Part J, in a continuing story from A to Z [link to the beginning]
Writing a lesson plan didn’t take as long as Zoey had thought it might, mostly because she decided not to write one. She figured she could just wing it for the short time Sam would be there. How long did it take for a broken hip to heal, anyway?
But there was also the fact that she was unable to concentrate. She felt unsettled, on edge. As if she sensed something important was about to happen and didn’t know what it was. Her skin felt too tight and she couldn’t sit still.
So she paced her room. And then the hall outside her room. When that didn’t help, she collected the quartz from her nightstand and made her way down the stairs and out through the back door off the kitchen. Sometimes just being outside and breathing fresh air helped calm her. If that didn’t work, she’d have to go down to the basement gym for a full workout. And then it would be hours before she could sleep.
That was the problem, she decided. She’d worked out every day since arriving but hadn’t even so much as gone for a run since Ferraro showed up. Granted, she’d been a little busy with other things the past two days, but she needed to get back to a regular workout schedule.
She stood in the dark, taking deep breaths of cold night air, and couldn’t shake the unease. She suspected lack of exercise wasn’t the problem. This was a different kind of edginess. All her senses were on high alert, nerves strung tight.
She heard rustling in the bushes and a noise that sounded like a hiss. She dropped low and spun toward the noise, her hand going for a weapon even as she realized she didn’t have one. Damn it.
There was the hiss again, only it was more of a psssst. Like someone trying to get her attention.
She knew that hiss. Fine. Attention gotten.
She stalked over to the bushes and wasn’t surprised to see Ermie, gesturing at her to come around to the other side. She crouched down next to him, ready to read him the riot act about the dangers of sneaking up on her in the dark, and was shocked when he batted the quartz out of her hand and sat on it.
“What are ye thinking, lass? Wandering around out here in the dark, making a target of yerself. A target.”
“Excuse me? Why would I be a target? And for whom?”
He didn’t answer, just raised one paw toward the sea.
“Seriously? You think there’s someone on a ship several hundred meters out, beyond those rocks, who is going to shoot me? With what, a cannon?”
“Targets don’t always get shot. Get shot.”
But Zoey wasn’t really listening anymore, because now that her eyes had adjusted to the dark she could see there was a ship. Just beyond the rocks. Its rigging illuminated by the waning half moon.
“Good god, that’s a Chinese junk. I haven’t seen one of those since– what are the Chinese doing here?”
“Can’t rightly say. But they’re not Chinese. Not Chinese.”
“How do you know–” Zoey narrowed her eyes at him. “Can’t say? Or won’t.”
“It’s all of the same cloth, lass. Point is, Bubbie sent me to tell ye to leave off standing there like a beacon. And to offer an apology. An apology.”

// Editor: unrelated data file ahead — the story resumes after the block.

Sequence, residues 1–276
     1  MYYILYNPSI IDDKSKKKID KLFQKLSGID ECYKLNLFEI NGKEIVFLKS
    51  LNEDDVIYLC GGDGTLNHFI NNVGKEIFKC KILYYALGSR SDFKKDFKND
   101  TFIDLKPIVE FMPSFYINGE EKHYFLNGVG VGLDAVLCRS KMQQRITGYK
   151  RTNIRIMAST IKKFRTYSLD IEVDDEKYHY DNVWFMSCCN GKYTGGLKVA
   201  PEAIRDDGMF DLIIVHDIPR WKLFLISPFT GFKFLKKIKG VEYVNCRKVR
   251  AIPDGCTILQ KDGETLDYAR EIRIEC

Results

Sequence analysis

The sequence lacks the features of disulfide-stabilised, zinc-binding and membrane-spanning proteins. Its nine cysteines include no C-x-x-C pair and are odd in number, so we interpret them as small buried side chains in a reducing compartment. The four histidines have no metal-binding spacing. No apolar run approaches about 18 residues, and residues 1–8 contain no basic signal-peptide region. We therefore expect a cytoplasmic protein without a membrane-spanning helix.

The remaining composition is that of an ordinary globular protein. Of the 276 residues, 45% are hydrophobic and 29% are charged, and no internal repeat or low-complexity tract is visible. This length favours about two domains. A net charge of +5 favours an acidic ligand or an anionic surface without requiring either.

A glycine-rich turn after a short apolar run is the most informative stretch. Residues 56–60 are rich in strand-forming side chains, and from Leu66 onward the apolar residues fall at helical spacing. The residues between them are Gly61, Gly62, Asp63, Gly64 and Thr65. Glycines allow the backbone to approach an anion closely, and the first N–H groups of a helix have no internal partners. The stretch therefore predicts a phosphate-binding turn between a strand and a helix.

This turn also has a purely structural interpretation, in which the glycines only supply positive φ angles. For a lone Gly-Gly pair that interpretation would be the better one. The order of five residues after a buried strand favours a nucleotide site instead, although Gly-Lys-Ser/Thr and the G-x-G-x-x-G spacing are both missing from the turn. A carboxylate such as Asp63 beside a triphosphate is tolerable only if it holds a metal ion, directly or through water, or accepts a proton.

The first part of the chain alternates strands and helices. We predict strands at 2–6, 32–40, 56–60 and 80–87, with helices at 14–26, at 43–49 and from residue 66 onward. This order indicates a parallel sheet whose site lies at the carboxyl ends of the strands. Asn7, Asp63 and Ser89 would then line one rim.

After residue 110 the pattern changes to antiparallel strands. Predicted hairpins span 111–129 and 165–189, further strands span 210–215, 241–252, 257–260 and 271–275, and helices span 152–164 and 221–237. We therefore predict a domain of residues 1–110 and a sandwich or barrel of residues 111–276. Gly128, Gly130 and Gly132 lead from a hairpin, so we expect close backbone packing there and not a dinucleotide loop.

“Had I known there was a ship– never mind. Point taken.” She pulled her quartz out from under him and stuffed it in her pocket. “Apology for what.”
“For the wee ghosties last night. Ghosties.”
“The wee children. They heard about ye and wanted to see for themselves. They meant no harm. No harm.”
“Why would Bubbie apologize for them? Wait. She keeps ghosts? As treasure?”
“Not ghosts the way ye’re thinking of them. It’s more that she keeps their memory safe. For the ones left behind. Left behind.”
“For . . . the parents.”
“Aye. She lets the wee dears out sometimes, to play. They all were friends, in life, and often get silly and carried away. Carried away.”
“Friends? But . . . Ermie, there were a couple dozen of them.”
“Thereabouts, aye, lass. Aye.”
As the realization sank in, Zoey swore low under her breath, her throat suddenly tight. “The world is a fucked up place, Ermie.”
“Aye. That it is, lass. That it is.”
After a long silence, Ermie continued. “She also said to tell ye that the other thing ye saw last night, the dark thing that got out– ye will nae be seeing it again. She’d have told ye herself, but is a bit preoccupied just now. Just now.”
Zoey had been watching the junk and was sure she’d seen a smaller vessel rowing out over the rocks toward it. It shouldn’t have been possible, but it slipped between the rocks like a shadow, undamaged. A dark shadow.
“What’s going on down there, Ermie?”
“Naught to concern yerself with, lass. Naught.”
“Why didn’t Bubbie want them to see me standing here? Who are they?”
“Ach, lass, ye’re going to fret about it, aren’t ye? Fret.”
“Aye, Ermie, I am,” she said, fed up with secrets. “So just tell me.”
The ermine heaved a sigh that sounded more like a hiss. “Sometimes a treasure becomes a problem and needs to be relocated. Relocated.”
“What kind of problem?”
“That’s all I’ll be telling ye, lass. Go to bed, ’tis late. Ye have work to do tomorrow. Work to do.”
Zoey couldn’t argue with that. Between Ferraro and his niece, she expected the day would be trying. No doubt that prospect should have irritated her more than it did.
“Ermie,” she called softly as he made to leave. “Tell the wee ghosties–” she paused, swallowed hard. “Tell them they’re welcome to come play. Any time.”
Ermie nodded, once, and was gone.
Zoey stood in the deep shadows for several minutes after Ermie left, watching the junk slip silently away toward the horizon, and realized the unease she’d felt earlier had faded. Leaving in its place a quiet, weighty melancholy. She went back inside, locked up after herself and got ready for bed. She lay there for a very long time before she finally fell asleep, staring up at the ceiling, thinking about kept memories and dark treasures and ancient sailing ships.
J is for Junk